Abstract 1558: Developmentally Regulated Alternative Splicing of TbX5 and its Implication for Phenotype-Genotype Correlation in Patients with Congenital Heart Disease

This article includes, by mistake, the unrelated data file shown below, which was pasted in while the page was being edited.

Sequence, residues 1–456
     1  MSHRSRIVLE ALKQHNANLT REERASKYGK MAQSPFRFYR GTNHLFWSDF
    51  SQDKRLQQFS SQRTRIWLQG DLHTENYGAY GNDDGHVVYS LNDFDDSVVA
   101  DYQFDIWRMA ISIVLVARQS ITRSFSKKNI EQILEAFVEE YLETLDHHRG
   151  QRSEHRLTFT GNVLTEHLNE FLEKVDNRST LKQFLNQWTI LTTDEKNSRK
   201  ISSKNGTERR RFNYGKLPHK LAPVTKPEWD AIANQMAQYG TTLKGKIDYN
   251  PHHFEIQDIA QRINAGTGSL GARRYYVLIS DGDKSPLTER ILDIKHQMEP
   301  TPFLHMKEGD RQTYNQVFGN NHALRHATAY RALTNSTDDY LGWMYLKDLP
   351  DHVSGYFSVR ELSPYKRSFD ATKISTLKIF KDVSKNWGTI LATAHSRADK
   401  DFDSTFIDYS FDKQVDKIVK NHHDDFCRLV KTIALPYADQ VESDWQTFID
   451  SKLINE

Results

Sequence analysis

In humans, mutations of Tbx5, a cardiac-enriched member of the Tbox family of transcription factors, cause the Holt-Oram syndrome, an autosomal dominant disease characterized by variable congenital heart defects and upper limb abnormalities. Mutations that occur in the Tbox DNA binding domain resulted in null or hypomorphic alleles; however, the mechanism(s) underlying disease caused by mutations outside the T-box remain largely undefined. Here, we report that Tbx5 expression is developmentally regulated by alternative splicing that yields two protein isoforms with distinct transcriptional properties. In addition to the wild type mRNA that encodes a 516 amino acid (aa) protein, differential splicing of exon 7 results in a frameshift that produces a truncated protein of 256 aa, which lacks the entire C-terminal transactivation domain. RNA analysis revealed that the two transcripts are differentially expressed, with the long isoform predominantly found in embryonic tissues while the isoform encoding the truncated protein is highly expressed in adult tissues. This developmentally regulated splicing can be recapitulated in primary myocyte cultures by growth factors. Protein-DNA, and protein-protein analyses indicate that the short isoforms has markedly decreased DNA binding affinity, but maintains the ability to interact, like the long isoform, with cardiac-enriched cofactors including GATA-4 and Nkx2.5. However, this physical interaction produces distinct transcriptional outcomes on target genes. Finally gain-of-function studies reveal that the two isoforms have differential effects on cell growth and differentiation. These findings identify novel mechanisms regulating Tbx5 activity during development, and provide molecular insight that may help establish much needed genotype-phenotype correlations for congenital heart defects into Tbx5 function in normal and diseased hearts.